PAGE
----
In addition, it is clear that Lansford's conduct was undertaken in connection with an official investigation into suspected elder abuse occasioned by Lansford and Gutierrez's mandated report of such suspected abuse. We are not persuaded by Santos's argument that Lansford's conduct was undertaken in order to protect Cypress Court's property (i.e., the bait money placed in Mr. N.'s room), and thus, the arrest was unconnected to a report of elder abuse. Clearly, Lansford's conduct would not have been protected by section 15634 if Lansford had suspected Santos of stealing money from his office and effectuated a citizen's arrest of her. But, in this case, the undisputed evidence demonstrates that Gutierrez's initial call to the police was made because Gutierrez and Lansford suspected that Santos had been stealing property belonging to the elderly residents at Cypress Court, i.e., committing financial abuse of the elderly.16 That evidence includes undisputed evidence of prior thefts of elderly residents' property, prior reports to the police concerning those thefts, police instruction to management to place video cameras and bait money at the facility in attempt to catch the thief, and Gutierrez's discovery of missing bait money and video potentially implicating Santos as the thief. In light of this evidence, we reject Santos's assertion that “[t]his is not a case where the arrest at issue was performed in furtherance of a report to law enforcement.”

This case stands in sharp contrast to James W. v. Superior Court (1993) 17 Cal.App.4th 246 (James W.), in which this court concluded that mandated reporter immunity did not apply to the conduct of a family counselor and foster parent who, for two and one-half years after a report of sexual abuse, allegedly coerced a child into falsely naming her father as the perpetrator of the abuse. (Id. at pp. 258-259.)17 The James W. court concluded that defendants, who had “[not] identified or reported child abuse,”18 were not entitled to immunity because they “voluntarily assumed roles of those who, having received the report and determined the identity of the perpetrator, search for corroboration and/or attempt to pressure a witness to get a conviction.” (Id. at p. 256.)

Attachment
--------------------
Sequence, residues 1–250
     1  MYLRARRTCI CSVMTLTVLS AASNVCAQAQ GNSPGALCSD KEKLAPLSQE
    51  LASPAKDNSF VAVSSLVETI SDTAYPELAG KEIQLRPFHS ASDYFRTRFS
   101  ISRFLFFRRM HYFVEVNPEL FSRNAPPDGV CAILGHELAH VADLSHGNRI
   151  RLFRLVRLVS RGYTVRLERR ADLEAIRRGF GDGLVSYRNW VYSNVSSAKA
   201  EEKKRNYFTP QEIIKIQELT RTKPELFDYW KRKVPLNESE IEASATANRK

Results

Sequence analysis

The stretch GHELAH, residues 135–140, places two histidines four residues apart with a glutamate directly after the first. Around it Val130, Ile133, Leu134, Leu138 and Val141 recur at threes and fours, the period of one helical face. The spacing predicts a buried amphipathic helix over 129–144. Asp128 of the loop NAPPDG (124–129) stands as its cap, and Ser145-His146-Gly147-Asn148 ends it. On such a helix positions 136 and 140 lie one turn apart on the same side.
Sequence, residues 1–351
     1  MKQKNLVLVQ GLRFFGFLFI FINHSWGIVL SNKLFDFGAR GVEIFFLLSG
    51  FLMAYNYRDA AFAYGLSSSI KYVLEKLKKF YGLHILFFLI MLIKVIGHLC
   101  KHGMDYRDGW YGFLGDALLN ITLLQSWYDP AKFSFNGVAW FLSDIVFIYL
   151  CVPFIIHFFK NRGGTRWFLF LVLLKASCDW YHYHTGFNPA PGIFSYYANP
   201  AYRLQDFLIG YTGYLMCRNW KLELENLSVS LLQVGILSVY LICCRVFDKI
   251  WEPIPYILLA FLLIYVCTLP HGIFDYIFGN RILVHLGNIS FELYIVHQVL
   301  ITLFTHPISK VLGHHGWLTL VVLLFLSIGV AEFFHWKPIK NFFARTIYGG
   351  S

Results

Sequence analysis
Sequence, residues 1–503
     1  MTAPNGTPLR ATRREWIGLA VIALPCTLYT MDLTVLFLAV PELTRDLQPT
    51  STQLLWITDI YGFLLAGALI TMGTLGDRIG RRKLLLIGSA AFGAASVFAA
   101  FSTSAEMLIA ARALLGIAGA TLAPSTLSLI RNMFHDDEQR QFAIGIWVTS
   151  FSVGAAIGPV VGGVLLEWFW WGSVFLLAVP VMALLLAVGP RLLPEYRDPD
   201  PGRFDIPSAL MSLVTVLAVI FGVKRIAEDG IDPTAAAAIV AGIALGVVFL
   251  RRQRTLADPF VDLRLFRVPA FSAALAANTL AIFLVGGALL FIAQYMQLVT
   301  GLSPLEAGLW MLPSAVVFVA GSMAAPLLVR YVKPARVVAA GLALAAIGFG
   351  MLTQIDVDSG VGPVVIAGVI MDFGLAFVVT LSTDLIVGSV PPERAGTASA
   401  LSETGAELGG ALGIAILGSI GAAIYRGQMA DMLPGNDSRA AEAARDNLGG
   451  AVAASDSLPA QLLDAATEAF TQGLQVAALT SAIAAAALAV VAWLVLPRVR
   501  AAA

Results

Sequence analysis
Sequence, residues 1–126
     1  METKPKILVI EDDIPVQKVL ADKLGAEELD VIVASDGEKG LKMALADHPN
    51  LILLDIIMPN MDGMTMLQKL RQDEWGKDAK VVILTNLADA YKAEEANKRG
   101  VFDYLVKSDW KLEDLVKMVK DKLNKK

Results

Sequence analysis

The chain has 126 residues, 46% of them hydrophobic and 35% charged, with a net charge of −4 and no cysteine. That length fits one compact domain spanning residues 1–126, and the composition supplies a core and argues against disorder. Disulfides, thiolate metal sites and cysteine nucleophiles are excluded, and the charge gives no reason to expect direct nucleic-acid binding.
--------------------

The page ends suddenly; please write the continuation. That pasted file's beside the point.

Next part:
Unlike in James W., Lansford's conduct occurred both while law enforcement officers were physically present at the scene conducting an investigation, and in close temporal proximity to the initial report of abuse.19 Further, even viewing the facts in the light most favorable to Santos, as is required (see pt. III.A., ante), there is no evidence that Lansford “usurped the function” of the authorities (Robbins, supra, 32 Cal.App.4th at p. 680, discussing James W.) such that he would not be entitled to mandated reporter immunity under James W. (See also Jones v. County of Los Angeles (9th Cir. 2015) 802 F.3d 990, 1008 [applying James W. to conclude that doctor who “usurped DCFS's authority under California law to take a child into temporary custody,” was not entitled to child abuse mandated reporter immunity].)